How is the passé composé formed in French?
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How is the passé composé formed in French?
INDEX OF CONTENTS
- The need for your study
- How to form the passé composé?
- When is ‘Être’ used?
Something that all basic-level French learners have to learn is how to form the passé composé (past compound) . It seems easy at first (Subject + Avoir or Être + Past Participle), but when we start to speak, when do we have to think about which one to use if avoir or être, and at what moment should the passé composé or the impartial (imperfect) be used and which are the past participles of irregular verbs, that’s when things get a bit complicated.
The need for your study
In this post we will try to give a simple but useful explanation, in the event that you have a problem in this regard, either at school, in high school or even in a language school and why not, it will also help you and a lot if you study French on your own. In any case, our intention is to resolve any doubts you may have in this regard so that you can succeed in an exam.
How to form the passé composé?
Naturally, it is essential to handle with ease both the verb AVOIR and ÊTRE , which are part of the composition of the passé composé, essential to carry out an accurate conjugation.
Since AVOIR is an auxiliary verb , most of the French verbs are built with it and together with it they are also formed with the past participle of the irregular verbs that end with “er” (FIRST GROUP) that is formed by canceling the “r” final at the same time that the “é” is accentuated and in “ir” (SECOND GROUP) omitting the r, remaining at the same time without an accent. Such are the cases of alerder (regardé), écouter (écouté) choisir (choisi ) (look , listen choose)
- J’ai mangé / (I have eaten)
- Tu as mangé / (You have eaten)
- Il a mangé / (He has eaten)
- Nous avons mangé / (We have eaten)
- Vous avez mangé / (You have eaten)
- Ils ont mangé / (They have eaten)
In the event that we are faced with irregular verbs or of the third group, that is, verbs ending in “oir”, “re” and some in “ir”, it may happen that the forms vary considerably from one verb to another. Here is a list
In the case that they are irregular verbs or of the THIRD GROUP (verbs ending in -oir, -re and some in -ir), the forms can vary a lot from one verb to another. Here is a list of the participle forms.
- Vouloir – Voulu / (want – dear)
- Pouvoir – Pu / (power – could)
- Savoir – His / (know – Known)
- Voir – Vu / (See – seen)
- Faire – Fait / (Do – done)
- Mettre – Mis / (put – put)
- Finir – Fini / (Finish – Finished)
- Avoir – Eu / (Have – had)
- Dire – Dit / (say – said)
- Prendre – Pris / (take – taken)
The best way to learn the past participles of each verb is to do it by heart
As an example, the verb faire conjugated in passé compossé looks like this:
- J’ai fait / (I have done)
- Tu as fait / (You have done)
- Il a fait / (He has done)
- Nous avons fait / ( We have done)
- Vous avez fait / (You have done)
- Ils ont fait / (they have done)
Once we have learned the formula to study the particulate of irregular verbs, we can now handle the passé composé through the verb avoir. Now it is a question of learning with which verbs to use the Être.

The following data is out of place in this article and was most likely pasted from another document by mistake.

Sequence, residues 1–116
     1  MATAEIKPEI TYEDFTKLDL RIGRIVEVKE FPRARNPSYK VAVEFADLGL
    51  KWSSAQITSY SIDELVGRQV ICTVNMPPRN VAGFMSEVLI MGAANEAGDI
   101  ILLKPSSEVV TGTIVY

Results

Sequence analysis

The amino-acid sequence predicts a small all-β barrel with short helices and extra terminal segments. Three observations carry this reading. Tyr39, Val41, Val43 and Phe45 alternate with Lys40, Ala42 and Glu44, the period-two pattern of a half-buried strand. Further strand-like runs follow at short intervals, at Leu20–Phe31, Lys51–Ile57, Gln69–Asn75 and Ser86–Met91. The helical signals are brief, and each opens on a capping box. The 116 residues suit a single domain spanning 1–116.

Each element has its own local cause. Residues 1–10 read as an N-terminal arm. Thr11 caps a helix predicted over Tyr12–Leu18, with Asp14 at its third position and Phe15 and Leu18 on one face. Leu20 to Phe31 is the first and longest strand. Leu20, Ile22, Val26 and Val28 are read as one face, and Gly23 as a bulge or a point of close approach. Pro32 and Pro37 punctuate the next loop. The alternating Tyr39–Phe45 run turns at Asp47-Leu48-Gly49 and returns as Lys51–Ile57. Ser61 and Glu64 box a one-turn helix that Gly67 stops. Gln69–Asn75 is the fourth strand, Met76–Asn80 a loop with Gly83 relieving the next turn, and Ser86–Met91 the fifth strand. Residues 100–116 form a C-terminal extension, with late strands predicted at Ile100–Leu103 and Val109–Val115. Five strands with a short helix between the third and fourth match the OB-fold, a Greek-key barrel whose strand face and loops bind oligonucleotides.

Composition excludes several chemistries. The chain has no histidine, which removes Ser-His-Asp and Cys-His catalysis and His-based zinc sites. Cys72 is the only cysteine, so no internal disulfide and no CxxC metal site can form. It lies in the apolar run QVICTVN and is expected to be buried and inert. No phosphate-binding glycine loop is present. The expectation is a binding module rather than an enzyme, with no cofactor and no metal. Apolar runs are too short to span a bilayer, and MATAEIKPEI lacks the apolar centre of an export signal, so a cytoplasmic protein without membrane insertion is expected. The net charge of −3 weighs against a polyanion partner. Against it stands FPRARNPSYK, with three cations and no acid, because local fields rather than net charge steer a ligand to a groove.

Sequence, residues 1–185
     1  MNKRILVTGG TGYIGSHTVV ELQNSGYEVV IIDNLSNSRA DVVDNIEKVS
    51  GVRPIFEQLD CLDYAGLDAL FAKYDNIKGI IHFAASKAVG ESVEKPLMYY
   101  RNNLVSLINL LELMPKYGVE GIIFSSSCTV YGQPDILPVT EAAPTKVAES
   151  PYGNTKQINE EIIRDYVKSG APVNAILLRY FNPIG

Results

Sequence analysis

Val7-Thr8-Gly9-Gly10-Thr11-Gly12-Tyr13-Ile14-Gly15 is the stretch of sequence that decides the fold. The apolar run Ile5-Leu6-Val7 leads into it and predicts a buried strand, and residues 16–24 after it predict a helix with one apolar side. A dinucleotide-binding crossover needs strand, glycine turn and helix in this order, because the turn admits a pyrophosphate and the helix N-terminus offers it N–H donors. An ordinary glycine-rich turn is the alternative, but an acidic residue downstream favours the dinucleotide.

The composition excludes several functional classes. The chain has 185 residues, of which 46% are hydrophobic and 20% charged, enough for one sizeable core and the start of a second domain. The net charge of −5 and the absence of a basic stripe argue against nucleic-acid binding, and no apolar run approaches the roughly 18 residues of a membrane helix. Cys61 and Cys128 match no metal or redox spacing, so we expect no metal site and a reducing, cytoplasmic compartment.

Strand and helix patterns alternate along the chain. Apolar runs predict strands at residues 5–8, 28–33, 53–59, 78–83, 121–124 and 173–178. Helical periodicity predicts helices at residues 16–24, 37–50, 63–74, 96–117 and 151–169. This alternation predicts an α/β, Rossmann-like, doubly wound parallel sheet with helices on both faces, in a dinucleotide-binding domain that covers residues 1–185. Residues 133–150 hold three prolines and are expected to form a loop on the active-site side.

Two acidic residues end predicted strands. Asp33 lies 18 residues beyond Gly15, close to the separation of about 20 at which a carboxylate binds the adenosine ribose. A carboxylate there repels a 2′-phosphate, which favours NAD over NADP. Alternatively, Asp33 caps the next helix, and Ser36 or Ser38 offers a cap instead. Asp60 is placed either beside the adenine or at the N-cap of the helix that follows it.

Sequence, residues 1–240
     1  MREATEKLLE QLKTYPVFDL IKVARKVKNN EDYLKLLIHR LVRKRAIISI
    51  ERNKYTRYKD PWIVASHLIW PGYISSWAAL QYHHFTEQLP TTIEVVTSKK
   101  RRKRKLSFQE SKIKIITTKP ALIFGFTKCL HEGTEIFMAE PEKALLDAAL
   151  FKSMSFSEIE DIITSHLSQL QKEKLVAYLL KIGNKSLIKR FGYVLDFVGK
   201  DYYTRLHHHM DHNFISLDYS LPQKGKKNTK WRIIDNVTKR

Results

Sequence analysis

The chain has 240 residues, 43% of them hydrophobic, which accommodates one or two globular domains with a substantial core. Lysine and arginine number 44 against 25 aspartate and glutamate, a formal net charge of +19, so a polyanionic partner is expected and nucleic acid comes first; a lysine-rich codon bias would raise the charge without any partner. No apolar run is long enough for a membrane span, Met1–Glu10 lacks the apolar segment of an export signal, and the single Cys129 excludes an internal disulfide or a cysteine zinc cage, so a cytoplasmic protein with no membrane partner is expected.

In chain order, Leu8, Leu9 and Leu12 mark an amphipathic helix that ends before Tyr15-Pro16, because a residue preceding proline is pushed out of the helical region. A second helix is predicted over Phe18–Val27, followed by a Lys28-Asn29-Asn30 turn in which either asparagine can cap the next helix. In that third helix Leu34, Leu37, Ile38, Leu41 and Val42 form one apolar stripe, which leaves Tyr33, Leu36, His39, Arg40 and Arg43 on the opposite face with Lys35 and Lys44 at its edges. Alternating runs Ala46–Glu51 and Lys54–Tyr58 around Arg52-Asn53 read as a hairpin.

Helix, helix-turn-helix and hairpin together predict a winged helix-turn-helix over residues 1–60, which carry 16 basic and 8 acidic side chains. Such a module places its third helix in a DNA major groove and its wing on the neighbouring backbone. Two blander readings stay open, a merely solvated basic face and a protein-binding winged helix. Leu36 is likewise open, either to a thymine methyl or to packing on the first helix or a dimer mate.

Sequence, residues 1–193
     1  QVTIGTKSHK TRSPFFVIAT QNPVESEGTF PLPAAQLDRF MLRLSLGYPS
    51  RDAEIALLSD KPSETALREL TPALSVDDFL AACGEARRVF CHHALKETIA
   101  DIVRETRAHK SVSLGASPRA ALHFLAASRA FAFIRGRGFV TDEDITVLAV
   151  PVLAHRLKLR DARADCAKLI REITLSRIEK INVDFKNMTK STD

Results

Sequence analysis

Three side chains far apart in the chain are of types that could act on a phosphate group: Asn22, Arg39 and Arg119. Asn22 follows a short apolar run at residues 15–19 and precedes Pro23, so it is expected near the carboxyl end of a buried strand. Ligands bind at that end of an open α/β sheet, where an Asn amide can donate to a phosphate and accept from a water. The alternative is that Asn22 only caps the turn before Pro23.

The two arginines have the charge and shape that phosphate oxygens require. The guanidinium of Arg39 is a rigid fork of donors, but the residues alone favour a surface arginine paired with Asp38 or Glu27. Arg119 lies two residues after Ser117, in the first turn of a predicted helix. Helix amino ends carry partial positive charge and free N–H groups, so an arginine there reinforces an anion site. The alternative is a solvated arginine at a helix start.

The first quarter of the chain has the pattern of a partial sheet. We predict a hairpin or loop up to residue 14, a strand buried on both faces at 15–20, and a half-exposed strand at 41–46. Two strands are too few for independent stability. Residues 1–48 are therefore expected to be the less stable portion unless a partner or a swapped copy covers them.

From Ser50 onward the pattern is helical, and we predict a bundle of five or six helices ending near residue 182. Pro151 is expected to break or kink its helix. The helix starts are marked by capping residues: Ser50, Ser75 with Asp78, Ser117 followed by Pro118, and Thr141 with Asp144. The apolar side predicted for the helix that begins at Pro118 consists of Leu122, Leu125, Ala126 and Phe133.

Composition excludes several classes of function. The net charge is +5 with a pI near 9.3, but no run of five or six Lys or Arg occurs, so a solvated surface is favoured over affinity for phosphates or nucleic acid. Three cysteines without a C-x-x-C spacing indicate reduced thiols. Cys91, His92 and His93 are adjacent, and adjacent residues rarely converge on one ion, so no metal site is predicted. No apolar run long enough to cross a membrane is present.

When is Être used?
Although the vast majority of verbs are conjugated with AVOIR for the passé composé, in the cases of verbs that indicate action or movement, the ÊTRE must be used
The list of verbs that are used with the verb ÊTRE is as follows (as you can see, some are regular and others are irregular):
- Naître (né), Aller (allé), Descendre (Descendu), Monter (Monté), Arriver (Arrivé), Venir (Venu), Entrer (Entré), Passer (Passé), Partir (Parti), Rester (Resté), Sortir (Sorti), Tomber (Tombé), Retourner (Retourné), Mourir (Mort).
- Born (born), go (go), go down (go down), go up (go up), arrive (arrive), come (come), enter (in), pass (pass), leave (go), stay (stay), Exit (Exit), Fall (Fall), Return (Return), Die (Death).
The general rule is that when we are going to conjugate verbs in passé composé with the verb être, there must be gender and number concordance.
Take due caution :
When conjugating verbs in passé composé with the verb être, there must be a match between GENDER AND NUMBER.
- Marie est retournée chez moi / (Mary returned home)
- Nous sommes descended (e) s dans la rue. / (We went out to the street)
The compound past is the most commonly used past tense in the modern French language. It is used to express an action that has been completed completely or incompletely at the time of speech, or at some point in the past.
How is the past tense formed? To put a verb in the past, you must choose the correct auxiliary être ou avoir (to be or to have) and conjugate it in the present tense.
- The Passé composé : refers to specific actions, which happened in the past, that is to say, fait accompli, both near and far. Example: La semaine dernière, J’ai mangé trop de calories (Last week, I ate too many calories)
- L’imparfait : it is used to refer to actions that were developed in a past time, but that are continuous processes. Example: Il étais un bon homme (He was a good man). Also for common facts: Quand j’etais petit, je irrdais la télé tout le temps (When I was little I watched television all the time).
Finally, remind you that these are the next available calls to obtain your official French qualification.